Corn: The corn market closed a couple of cents lower, with fund money selling an estimated net 4,000 contracts on the day. The trade seems relaxed about an overly wet June for much of the Midwest. "The June rainfall map shows how extensive flooding west of the Mississippi River. June rainfall in Iowa was 90% above average with 8 inches of rain. Minnesota rainfall was twice normal with 7.67 inches. Exceptional heavy rain also developed in Nebraska, South Dakota and Wisconsin," said Martell Crop Projections. "The best analog for ultra-wet Midwest growing conditions in June is 2010, a year that finished with a below-average yield in corn, but slightly above-normal yields in soybeans," they added. Dr Cordonnier estimated the US 2014 corn yield at 165.0 bu/acre, unchanged from his previous estimate. Yesterday's acreage number from the USDA was almost exactly what the market expected, although the June 1 corn stocks figure was higher than anticipated. The Xinhua News Agency reported that China has rejected 1.25 MMT of US corn due to GMO "contamination" for the period ending June 6. Some US corn is getting through, but the volumes are relatively small. Shanghai's JC Intelligence say that China imported 79,000 MT of US corn in May. Safras e Mercado estimated Brazil’s second corn crop at 43.976 MMT versus 45.204 MMT a year ago. They said that harvesting of that is 2.9% complete. There are some reports of frost in southern Brazil which may have damaged some safrinha corn. Brazil's Trade Ministry said that the country had exported 87,600 MT of corn in June, down from 126,500 MT in May and 276,300 MT a year previously. Russia said that they'd exported just over 4 MMT of corn for the season through to Jun 25. Ukraine's Ag Ministry said that they'd exported 20.1 MMT of corn in 2013/14. New crop Ukraine corn is now said to be offered as low as $200/tonne FOB, with bids around $193-195/tonne. Recent wet weather in Ukraine is stalling the early wheat/barley harvest, but seen aiding newly planted corn. Jul 14 Corn closed at $4.22 3/4, down 1 1/2 cents; Sep 14 Corn closed at $4.16, down 2 3/4 cents.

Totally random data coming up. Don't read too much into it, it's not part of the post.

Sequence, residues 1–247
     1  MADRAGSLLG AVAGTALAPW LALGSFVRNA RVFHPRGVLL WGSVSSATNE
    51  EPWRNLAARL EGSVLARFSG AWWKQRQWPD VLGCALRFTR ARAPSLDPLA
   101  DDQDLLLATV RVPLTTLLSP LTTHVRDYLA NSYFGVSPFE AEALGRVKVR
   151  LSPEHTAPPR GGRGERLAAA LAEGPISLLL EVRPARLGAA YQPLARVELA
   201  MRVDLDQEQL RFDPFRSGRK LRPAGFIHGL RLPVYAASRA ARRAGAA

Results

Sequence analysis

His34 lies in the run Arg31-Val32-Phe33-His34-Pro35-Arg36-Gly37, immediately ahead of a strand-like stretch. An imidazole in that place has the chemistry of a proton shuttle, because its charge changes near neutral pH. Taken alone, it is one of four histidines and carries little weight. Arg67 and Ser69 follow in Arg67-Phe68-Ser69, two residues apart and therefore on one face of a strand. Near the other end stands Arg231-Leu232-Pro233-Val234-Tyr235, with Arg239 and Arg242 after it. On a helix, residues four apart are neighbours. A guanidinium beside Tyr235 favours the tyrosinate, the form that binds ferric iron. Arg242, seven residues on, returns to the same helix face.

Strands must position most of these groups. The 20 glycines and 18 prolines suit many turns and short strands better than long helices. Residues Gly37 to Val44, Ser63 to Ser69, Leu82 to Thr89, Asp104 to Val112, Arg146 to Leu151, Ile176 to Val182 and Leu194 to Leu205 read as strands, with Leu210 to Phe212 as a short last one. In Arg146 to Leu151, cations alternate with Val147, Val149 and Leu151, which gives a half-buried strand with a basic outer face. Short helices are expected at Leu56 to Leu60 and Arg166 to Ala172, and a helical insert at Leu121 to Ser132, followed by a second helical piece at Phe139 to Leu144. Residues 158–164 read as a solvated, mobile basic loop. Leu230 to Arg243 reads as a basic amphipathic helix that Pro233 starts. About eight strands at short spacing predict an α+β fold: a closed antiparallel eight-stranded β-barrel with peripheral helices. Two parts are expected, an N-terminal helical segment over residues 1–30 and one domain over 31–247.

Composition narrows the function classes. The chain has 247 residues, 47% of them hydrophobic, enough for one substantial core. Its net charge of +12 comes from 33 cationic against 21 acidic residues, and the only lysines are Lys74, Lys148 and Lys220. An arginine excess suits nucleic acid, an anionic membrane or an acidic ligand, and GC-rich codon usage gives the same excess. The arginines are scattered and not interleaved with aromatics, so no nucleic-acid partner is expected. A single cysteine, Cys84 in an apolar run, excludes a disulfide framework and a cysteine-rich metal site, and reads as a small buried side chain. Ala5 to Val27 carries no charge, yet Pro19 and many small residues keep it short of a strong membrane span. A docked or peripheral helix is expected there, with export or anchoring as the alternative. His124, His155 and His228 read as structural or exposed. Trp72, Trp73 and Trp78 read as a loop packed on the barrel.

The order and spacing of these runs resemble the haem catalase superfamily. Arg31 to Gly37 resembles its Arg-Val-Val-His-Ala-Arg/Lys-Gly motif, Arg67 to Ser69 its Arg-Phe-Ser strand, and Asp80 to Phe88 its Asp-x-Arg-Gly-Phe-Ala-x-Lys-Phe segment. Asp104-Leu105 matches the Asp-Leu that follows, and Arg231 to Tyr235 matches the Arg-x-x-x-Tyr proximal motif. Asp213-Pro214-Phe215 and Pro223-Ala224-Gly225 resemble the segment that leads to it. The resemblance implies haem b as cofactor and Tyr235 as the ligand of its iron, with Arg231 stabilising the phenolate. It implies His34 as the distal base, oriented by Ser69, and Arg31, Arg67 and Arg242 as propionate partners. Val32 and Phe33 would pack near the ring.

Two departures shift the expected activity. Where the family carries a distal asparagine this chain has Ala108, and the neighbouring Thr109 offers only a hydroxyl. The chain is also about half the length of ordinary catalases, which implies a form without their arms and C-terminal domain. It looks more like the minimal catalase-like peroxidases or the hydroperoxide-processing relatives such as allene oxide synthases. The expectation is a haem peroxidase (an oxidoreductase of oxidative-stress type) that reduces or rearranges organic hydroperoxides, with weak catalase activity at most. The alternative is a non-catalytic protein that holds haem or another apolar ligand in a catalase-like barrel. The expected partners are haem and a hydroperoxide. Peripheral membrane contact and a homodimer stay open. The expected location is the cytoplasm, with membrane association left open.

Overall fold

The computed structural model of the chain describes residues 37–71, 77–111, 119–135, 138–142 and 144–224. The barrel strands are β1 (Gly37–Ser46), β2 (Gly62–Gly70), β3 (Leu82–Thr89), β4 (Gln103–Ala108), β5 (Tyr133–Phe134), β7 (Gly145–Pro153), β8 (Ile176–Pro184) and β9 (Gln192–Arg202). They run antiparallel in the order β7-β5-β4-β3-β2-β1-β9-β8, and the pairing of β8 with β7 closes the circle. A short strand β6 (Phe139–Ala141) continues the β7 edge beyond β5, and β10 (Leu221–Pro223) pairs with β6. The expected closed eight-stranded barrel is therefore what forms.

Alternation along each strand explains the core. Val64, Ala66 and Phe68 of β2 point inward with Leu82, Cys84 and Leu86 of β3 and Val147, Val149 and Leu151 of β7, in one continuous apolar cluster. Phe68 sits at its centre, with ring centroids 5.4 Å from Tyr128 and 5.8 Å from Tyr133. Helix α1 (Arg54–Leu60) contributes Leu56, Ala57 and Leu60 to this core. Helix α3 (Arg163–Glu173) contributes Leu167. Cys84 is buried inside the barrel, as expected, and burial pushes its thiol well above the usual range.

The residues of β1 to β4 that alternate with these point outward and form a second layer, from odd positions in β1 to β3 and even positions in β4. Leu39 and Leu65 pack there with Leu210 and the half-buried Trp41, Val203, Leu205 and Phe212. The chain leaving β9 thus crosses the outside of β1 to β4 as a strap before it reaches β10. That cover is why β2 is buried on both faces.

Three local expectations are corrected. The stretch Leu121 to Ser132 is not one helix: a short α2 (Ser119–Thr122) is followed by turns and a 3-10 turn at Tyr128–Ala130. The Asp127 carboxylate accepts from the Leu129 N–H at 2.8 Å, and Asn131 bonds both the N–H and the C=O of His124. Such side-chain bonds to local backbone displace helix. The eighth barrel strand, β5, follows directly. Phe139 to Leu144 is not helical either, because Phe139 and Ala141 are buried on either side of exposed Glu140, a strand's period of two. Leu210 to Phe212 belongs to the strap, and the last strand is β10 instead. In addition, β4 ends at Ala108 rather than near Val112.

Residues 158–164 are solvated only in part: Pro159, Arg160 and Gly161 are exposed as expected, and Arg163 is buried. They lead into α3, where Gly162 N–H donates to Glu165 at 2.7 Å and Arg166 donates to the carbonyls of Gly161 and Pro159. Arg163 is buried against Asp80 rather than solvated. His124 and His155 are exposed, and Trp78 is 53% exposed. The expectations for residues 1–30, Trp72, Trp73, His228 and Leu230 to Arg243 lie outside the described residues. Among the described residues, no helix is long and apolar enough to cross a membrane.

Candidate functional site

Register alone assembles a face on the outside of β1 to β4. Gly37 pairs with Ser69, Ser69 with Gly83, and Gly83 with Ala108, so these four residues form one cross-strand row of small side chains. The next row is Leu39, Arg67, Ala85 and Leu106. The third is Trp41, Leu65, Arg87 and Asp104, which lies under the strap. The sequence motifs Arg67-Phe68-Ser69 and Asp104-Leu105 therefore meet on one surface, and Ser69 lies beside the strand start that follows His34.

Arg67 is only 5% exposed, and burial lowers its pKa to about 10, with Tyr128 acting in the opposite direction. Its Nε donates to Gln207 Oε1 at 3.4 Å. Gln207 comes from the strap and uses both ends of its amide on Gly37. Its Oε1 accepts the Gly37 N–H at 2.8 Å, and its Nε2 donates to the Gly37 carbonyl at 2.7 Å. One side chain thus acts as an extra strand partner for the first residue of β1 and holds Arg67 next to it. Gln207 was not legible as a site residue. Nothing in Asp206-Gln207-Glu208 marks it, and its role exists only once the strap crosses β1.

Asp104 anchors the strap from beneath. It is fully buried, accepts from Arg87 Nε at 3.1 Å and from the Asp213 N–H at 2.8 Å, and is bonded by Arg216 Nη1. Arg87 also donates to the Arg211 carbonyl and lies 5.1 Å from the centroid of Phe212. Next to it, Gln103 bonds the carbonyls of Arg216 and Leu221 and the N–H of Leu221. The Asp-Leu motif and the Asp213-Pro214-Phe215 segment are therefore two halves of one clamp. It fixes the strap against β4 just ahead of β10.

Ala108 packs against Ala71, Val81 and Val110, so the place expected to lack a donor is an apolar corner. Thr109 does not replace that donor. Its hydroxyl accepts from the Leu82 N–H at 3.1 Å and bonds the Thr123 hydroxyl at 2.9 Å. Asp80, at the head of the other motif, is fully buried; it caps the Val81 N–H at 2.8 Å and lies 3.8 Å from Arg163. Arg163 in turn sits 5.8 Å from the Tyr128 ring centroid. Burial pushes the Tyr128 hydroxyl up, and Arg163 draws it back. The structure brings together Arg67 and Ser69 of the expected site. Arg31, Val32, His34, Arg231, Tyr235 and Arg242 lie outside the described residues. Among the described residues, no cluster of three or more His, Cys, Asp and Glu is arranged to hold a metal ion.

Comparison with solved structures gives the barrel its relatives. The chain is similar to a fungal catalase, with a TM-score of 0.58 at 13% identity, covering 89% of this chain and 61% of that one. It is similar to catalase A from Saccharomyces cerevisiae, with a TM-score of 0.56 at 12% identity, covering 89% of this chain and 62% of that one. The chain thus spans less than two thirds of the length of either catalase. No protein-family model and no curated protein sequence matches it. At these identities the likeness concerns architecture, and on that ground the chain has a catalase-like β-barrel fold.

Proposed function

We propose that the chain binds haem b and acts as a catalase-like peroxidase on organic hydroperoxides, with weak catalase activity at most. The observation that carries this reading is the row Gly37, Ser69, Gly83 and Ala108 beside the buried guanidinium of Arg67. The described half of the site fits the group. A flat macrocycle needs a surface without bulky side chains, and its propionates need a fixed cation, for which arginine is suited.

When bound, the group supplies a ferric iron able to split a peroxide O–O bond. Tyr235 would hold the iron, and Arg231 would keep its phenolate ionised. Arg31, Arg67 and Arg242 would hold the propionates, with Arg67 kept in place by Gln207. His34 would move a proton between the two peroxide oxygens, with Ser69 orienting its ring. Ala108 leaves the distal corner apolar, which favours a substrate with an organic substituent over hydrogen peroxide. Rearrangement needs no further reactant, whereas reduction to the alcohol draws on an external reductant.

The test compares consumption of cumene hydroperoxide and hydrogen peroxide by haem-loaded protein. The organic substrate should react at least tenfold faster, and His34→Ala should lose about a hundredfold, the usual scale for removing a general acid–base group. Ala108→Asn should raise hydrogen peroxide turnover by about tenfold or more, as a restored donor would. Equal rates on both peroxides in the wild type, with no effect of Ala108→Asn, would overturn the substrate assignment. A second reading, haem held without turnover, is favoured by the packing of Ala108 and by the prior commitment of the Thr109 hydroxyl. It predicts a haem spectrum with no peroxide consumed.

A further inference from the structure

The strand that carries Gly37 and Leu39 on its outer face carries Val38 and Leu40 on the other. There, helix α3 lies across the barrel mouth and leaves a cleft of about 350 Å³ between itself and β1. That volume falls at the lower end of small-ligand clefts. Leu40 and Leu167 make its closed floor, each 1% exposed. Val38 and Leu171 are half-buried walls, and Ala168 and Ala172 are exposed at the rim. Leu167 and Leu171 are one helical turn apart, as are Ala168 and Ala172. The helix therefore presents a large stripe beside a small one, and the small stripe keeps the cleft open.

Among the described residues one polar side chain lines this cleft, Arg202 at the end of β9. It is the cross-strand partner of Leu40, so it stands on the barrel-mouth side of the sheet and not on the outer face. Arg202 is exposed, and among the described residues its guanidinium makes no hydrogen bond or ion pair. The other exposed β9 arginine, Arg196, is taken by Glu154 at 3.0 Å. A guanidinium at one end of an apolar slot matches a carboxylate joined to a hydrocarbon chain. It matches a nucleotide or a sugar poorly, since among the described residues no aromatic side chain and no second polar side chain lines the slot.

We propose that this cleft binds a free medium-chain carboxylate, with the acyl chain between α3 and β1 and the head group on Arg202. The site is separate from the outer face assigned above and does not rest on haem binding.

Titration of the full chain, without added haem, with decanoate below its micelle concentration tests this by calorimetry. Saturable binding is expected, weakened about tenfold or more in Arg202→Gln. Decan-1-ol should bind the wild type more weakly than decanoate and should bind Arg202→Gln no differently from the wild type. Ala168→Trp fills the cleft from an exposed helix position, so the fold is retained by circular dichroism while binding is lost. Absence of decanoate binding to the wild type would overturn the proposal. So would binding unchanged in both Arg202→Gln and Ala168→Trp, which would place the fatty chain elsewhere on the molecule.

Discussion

Wheat: The wheat market closed around 5-10 cents lower across the three exchanges. Egypt's GASC bought 240,000 MT of wheat in a tender for August delivery. They purchased three cargoes of Romanian origin and one of Russian. The prices paid were around $252/tonne FOB. The cheapest French and US offers were around $259-260/tonne FOB, with more expensive freight to also add on top. Ukraine wheat wasn't offered despite reports that 12.5% milling wheat is quoted in the open market at $248 FOB for August shipment ex Ukraine. Russia's wheat harvest is underway, and yields are said to be improving and are now averaging 3.67 MT/ha versus 3.50 MT/ha this time last year. Barley yields are said to be 4.07 MT/ha against 3.69 MT/ha twelve months ago. There's talk that a frost in southern Brazil may have caused some damage to winter wheat. Their crop was cut sharply by frost around this time of year in 2013. Wet weather on the Plains is holding up the US winter wheat harvest. "Winter wheat producers in Kansas harvested 15% of wheat last week, boosting the total harvested to 40%. Recurring strong showers have bogged down the harvest. Kansas wheat farms received 7 inches of rainfall in June, more than twice the monthly average. Has wheat quality been compromised by heavy rain? There's not been much standing water due to exceptionally dry field conditions to start with. Kansas, Oklahoma and Texas experienced historic drought for several months, winter into spring. Not until mid May did rainfall sharply increase," said Martell Crop Projections. There's also talk of excessive wetness/flooding being an issue in wheat and canola fields in Saskatchewan and Manitoba. Trade gossip suggests that Libya may have defaulted on Black Sea wheat purchases now that prices have dropped. The Ukraine Ministry said that the country had exported a record 32.4 MMT of grains in 2013/14, including 9.4 MMT of wheat. Jul 14 CBOT Wheat closed at $5.59 3/4, down 5 cents; Jul 14 KCBT Wheat closed at $7.00, down 10 1/2 cents; Jul 14 MGEX Wheat closed at $6.57 1/4, down 10 cents.
01/07/14 -- EU grains markets ended the day almost universally lower, in follow through trade after last night's bearish USDA stocks/acreage data.